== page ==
So, to sum up, digital is a risky place to go. When they eventually come up with the world's first transporter that breaks you down into a set of numbers and reassembles your matter someplace else — well, I'd be really careful about that. [chuckles]

Another good reason why the analog champion is duty-bound to do vinyl.
I'm a music fan in the purest sense, and I just love the way analog sounds. And I don't like the way digital sounds.

The care that you've taken with your recordings make them sound much better than most everything else out there.
Thanks, Mike. It was always my hope that the little things I did in those recordings would show up and be noticed. I usually have way more ideas than I have places to put them on a recording, and I have a very hard time deciding between various things I've come up with for playing a chord or even a note in a song as it repeats. So I figure I'll just do it differently each time. I think most people don't get it — it blows by them, and that's fine. But it's a nuance that, for people who listen to it a lot, they'll find that there are no two choruses or verses that are the same.

It makes it a more enjoyable listening experience. There isn't any "false perfection," as we were saying earlier. That takes the emotion right out of it. That soul you're trying to go after would be gone.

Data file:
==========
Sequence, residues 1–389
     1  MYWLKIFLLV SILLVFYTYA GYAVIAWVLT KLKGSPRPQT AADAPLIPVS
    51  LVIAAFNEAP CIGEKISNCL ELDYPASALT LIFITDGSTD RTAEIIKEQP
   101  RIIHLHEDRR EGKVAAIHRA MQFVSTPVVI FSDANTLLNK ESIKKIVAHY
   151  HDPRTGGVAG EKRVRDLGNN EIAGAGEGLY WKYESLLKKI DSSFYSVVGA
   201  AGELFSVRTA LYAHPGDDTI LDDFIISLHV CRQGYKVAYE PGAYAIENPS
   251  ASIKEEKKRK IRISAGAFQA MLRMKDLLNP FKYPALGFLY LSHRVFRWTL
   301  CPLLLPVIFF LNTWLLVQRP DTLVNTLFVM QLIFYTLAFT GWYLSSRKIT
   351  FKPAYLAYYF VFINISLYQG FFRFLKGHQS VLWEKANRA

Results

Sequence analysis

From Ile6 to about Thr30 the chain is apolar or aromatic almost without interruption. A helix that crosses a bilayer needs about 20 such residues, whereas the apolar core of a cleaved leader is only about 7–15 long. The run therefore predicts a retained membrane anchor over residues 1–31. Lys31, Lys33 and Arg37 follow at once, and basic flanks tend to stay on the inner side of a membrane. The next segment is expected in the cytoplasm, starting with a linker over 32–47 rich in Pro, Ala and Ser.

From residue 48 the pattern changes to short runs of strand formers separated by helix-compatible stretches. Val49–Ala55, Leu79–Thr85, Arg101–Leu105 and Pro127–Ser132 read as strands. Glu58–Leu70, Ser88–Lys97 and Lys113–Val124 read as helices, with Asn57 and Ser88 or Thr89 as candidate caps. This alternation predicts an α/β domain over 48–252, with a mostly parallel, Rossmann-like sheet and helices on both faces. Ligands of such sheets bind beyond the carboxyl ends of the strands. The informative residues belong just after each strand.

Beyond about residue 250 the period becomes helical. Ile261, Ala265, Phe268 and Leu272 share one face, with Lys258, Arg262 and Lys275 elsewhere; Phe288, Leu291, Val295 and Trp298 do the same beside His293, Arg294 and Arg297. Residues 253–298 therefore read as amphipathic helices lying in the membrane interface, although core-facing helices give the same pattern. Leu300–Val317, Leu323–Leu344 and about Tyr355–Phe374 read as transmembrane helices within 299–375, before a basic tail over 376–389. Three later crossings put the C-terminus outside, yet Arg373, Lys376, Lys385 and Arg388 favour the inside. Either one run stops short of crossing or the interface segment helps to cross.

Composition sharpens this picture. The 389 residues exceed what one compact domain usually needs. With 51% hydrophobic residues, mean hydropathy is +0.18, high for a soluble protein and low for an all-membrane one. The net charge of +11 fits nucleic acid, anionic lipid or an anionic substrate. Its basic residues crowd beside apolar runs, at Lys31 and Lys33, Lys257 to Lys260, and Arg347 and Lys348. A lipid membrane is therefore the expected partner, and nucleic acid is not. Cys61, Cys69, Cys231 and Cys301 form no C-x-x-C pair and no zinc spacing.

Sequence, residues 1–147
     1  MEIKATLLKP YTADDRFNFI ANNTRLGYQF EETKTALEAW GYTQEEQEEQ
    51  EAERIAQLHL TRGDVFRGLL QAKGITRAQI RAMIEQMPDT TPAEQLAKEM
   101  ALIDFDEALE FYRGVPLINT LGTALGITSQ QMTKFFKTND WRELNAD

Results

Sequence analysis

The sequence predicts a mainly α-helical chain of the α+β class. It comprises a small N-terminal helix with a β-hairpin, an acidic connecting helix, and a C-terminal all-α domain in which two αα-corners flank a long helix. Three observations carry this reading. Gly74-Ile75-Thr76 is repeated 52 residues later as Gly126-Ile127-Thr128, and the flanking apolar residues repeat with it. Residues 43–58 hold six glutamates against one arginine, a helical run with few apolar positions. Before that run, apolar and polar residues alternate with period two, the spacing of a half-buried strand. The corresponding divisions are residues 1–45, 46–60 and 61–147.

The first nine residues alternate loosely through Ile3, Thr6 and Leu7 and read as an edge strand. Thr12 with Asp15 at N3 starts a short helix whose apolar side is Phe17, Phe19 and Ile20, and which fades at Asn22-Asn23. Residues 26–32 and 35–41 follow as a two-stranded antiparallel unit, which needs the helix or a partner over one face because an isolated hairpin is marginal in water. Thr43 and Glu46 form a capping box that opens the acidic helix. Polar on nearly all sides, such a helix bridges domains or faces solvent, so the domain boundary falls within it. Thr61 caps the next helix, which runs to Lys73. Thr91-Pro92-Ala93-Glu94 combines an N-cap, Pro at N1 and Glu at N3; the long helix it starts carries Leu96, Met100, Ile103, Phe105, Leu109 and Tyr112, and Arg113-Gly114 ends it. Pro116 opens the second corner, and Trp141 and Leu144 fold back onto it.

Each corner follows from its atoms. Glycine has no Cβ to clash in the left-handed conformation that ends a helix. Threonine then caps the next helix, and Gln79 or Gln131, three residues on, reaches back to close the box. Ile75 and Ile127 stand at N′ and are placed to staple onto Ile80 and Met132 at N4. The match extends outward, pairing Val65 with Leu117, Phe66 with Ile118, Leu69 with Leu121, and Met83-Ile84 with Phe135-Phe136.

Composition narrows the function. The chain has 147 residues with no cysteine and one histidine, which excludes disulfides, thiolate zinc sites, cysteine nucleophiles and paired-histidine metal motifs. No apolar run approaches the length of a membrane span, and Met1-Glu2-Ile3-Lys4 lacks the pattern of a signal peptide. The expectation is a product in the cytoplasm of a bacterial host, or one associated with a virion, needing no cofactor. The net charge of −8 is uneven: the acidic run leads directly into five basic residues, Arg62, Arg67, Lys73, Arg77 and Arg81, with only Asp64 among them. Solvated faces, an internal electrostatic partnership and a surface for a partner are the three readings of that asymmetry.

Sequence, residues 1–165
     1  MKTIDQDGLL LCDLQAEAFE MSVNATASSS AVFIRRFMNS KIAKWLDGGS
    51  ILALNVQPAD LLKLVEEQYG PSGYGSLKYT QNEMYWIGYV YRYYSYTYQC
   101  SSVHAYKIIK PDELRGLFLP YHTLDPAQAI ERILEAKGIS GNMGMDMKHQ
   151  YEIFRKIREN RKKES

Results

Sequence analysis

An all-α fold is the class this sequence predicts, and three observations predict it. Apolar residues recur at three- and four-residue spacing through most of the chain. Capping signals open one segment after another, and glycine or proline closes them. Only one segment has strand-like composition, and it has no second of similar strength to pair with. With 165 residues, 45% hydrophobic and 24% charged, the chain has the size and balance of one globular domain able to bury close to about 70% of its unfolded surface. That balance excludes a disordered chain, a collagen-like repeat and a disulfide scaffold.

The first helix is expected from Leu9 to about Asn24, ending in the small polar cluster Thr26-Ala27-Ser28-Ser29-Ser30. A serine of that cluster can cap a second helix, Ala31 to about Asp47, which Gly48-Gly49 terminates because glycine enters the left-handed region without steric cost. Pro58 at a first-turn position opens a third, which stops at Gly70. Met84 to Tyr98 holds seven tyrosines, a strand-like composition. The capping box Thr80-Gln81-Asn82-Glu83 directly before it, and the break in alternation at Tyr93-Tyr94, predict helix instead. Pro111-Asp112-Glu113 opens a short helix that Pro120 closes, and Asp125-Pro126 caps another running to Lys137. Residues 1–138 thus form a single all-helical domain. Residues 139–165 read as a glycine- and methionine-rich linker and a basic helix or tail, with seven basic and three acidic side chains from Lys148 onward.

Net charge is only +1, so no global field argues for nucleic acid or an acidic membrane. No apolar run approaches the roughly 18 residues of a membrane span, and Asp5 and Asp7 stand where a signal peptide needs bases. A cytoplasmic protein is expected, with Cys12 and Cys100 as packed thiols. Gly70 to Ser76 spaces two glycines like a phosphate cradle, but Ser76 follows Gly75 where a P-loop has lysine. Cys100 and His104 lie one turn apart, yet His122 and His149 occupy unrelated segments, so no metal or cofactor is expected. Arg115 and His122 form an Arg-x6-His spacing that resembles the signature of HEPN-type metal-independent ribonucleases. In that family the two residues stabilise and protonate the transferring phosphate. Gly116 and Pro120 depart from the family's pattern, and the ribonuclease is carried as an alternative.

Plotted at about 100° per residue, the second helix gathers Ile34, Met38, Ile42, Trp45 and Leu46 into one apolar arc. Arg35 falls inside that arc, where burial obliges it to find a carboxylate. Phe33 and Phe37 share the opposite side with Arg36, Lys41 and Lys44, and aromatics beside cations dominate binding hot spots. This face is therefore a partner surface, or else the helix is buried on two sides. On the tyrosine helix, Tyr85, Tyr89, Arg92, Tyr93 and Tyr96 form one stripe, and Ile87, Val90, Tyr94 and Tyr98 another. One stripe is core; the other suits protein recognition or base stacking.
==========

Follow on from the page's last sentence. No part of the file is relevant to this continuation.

That's it. You can't get emotion by cutting and pasting. That's my theory.

What's next on the horizon for you, musicwise?
I'm working on a new album, which has some rearranged and remixed songs from the Corporate America album, which didn't sell very well. I still don't quite have it done, and in the back of my mind I've been thinking about doing an analog version of it for vinyl.

You should absolutely do that. There's a growing market for vinyl out there. College kids are getting into it too.
That's nice to see, because when I was in college, college kids were on the cutting edge of sound quality. They were the ones who built their own tube power amps and kit preamps in their dorm rooms, and had really good stereo sound. Now, college kids download MP3 files and think it's cool — it's cheap, it's quick, and it's convenient, but the sound sucks. [laughs] I'm spoiled. I can't listen to MP3s.

I'm not saying MP3s don't have a place. It's great to have them in your pocket when you're going out for a run. But the point is, it could be so much better. But it isn't, because people are happy to buy it at that quality. The cutting edge of that is marketing to kids. College kids downloading stuff — that was the opposite when I was in college. College kids were spending hours soldering and building their own systems in order to play the new stereophonic records, and through high fidelity. But anyway, hopefully, the pendulum will swing the other way.